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THREAD - Let's talk about the history of U.S.-backed coups and regime change, especially in Latin America. It's history far too many commentators seem to have forgotten in the current case of Venezuela. I'm going to assemble some resources on the topic in this thread. 1/ #cdnpoli
"From 1898 to 1994, the U.S. government has intervened successfully to change governments in Latin America a total of at least 41 times. That amounts to once every 28 months for an entire century." John H. Coatsworth, Harvard Review of Latin America. revista.drclas.harvard.edu/book/united-st… 2/
"For decades, U.S. policies of military intervention and economic neoliberalism have undermined democracy and stability in the region, creating vacuums of power in which drug cartels and paramilitary alliances have risen." medium.com/s/story/timeli… 3/
That’s Mark Tseng-Putterman, PhD student in American Studies, arguing the migrant crisis in Latin America resulting in desperate people trying to cross the U.S. border is directly attributable to the history of U.S. intervention in the region. “U.S. empire thrives on amnesia.” 4/
In the Washington Post, Lindsey O’Rourke - assistant professor of international politics at Boston College - summarizes his years of research on the topic. "Between 1947 and 1989, the United States tried to change other nations’ governments 72 times." washingtonpost.com/news/monkey-ca… 5/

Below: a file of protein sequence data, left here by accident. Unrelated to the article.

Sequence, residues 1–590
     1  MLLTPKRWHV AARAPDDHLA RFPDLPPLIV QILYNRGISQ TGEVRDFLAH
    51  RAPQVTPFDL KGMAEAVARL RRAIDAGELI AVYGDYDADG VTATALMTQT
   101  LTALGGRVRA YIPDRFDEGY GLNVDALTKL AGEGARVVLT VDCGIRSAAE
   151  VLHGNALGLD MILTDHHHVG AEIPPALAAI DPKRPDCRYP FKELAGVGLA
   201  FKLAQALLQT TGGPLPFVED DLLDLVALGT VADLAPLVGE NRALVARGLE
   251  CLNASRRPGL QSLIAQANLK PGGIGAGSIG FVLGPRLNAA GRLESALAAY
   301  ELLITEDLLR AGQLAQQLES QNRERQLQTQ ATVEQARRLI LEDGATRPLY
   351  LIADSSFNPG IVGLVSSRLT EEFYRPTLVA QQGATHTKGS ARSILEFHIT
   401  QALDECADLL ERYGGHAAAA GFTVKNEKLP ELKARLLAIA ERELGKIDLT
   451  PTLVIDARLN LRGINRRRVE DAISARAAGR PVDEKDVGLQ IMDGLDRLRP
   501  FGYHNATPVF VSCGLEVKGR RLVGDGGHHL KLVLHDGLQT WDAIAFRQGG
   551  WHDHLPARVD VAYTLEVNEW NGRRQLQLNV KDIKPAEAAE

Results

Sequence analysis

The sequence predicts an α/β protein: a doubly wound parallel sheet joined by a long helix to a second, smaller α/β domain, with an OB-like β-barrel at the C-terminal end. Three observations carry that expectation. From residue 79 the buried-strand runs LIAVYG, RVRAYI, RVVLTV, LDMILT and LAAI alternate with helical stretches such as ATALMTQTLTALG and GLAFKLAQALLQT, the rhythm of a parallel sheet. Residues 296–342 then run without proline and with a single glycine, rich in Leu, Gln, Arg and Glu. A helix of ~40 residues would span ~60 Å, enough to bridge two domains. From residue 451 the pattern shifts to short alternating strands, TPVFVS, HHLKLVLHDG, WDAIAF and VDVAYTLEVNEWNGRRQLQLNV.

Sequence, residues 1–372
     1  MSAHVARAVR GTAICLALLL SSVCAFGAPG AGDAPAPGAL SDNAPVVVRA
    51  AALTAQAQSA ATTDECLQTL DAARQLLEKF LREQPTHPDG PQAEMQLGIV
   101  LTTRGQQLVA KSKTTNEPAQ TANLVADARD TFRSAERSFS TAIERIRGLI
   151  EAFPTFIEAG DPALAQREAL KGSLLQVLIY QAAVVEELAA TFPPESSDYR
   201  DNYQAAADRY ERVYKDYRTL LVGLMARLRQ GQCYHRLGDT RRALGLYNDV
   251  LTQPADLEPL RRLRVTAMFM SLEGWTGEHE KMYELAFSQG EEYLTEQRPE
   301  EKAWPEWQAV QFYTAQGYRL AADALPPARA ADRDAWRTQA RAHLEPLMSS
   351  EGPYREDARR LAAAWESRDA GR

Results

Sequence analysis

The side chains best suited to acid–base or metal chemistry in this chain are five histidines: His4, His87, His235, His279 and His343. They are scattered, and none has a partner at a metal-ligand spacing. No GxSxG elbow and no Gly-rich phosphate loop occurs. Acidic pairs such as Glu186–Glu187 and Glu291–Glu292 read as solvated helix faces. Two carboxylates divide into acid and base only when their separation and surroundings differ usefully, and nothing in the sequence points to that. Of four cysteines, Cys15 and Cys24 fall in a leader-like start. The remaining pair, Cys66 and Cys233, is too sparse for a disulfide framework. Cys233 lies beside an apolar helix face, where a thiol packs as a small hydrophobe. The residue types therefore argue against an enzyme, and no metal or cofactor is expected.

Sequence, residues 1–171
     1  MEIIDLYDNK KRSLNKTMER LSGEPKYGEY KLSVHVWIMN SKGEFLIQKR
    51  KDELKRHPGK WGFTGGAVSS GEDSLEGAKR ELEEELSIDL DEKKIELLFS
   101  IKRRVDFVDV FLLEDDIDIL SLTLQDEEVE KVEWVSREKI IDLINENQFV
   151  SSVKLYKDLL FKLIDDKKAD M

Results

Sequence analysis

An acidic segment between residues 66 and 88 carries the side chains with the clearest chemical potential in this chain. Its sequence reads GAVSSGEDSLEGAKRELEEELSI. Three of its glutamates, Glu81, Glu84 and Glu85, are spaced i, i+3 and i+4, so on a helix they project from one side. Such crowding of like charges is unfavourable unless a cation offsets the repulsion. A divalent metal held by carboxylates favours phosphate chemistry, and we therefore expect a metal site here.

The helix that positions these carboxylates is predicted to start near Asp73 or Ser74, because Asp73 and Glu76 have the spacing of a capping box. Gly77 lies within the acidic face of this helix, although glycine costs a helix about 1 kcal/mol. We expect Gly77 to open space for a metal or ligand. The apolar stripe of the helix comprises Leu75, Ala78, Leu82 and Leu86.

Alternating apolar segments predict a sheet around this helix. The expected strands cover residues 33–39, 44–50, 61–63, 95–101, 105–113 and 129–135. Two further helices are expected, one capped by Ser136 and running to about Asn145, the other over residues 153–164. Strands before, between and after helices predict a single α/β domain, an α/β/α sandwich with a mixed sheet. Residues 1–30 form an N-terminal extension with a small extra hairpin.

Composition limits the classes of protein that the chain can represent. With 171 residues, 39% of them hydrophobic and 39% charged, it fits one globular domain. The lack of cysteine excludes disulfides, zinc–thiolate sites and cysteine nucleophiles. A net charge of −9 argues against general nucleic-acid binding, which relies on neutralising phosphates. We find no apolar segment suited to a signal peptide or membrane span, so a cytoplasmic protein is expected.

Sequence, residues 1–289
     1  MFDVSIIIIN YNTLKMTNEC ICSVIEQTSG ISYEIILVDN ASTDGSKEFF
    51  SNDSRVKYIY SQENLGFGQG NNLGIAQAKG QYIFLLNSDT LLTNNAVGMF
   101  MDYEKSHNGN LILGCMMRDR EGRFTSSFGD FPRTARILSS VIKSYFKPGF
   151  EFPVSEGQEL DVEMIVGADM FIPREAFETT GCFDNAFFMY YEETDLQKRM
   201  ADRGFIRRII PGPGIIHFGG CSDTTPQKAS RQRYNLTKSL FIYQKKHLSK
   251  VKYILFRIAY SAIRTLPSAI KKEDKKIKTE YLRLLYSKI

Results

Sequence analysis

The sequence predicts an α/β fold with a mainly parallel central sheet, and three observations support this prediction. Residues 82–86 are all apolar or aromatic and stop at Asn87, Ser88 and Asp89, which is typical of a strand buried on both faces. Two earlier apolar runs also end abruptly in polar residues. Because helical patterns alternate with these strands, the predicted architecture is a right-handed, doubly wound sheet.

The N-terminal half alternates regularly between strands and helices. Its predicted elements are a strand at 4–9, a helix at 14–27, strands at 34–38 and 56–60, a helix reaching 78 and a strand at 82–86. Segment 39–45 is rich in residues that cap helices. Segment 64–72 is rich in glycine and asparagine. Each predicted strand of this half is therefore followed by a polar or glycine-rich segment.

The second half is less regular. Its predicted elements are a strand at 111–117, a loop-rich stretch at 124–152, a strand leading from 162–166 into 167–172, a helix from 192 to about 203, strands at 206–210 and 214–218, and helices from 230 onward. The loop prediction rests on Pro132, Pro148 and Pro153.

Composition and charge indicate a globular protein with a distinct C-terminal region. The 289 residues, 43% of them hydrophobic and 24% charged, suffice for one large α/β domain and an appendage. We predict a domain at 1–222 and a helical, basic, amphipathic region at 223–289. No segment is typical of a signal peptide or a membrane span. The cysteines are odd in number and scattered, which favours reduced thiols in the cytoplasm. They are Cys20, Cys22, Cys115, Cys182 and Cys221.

O’Rourke argues that "most covert efforts to replace another country’s government failed," "regime changes rarely work out as the intervening states expect" and "covert regime change can devastate the target countries." 6/
"My research found that after a nation’s government was toppled, it was less democratic and more likely to suffer civil war, domestic instability and mass killing. At the very least, citizens lost faith in their governments." O'Rourke again, from the WaPo article. 7/
In 'Overthrow: America's century of regime change from Hawaii to Iraq' author Stephen Kinzer argues that "the U.S. government has often pursued these operations without understanding the countries involved; as a result, many of them have had disastrous long-term consequences." 8/
"Does regime change produce real benefits at relatively low cost," asks Harvard professor Stephen M. Walt writing in Foreign Policy magazine, "or is the price tag usually much higher than expected, while the benefits tend to be disappointing?" foreignpolicy.com/2018/05/14/reg… 9/
Walt answers his own question in the next paragraph, "(Spoiler alert: It’s almost always a very bad idea.)" He continues “No matter how bad things were before the old regime was toppled, the situation is likely to be even worse once the old order has collapsed.” 10/
"Instead of a thriving and stable democracy, with political competition regulated by well-established and legitimate institutions and norms, the more likely result is a failed state and civil war." Walt again, in Foreign Policy. 11/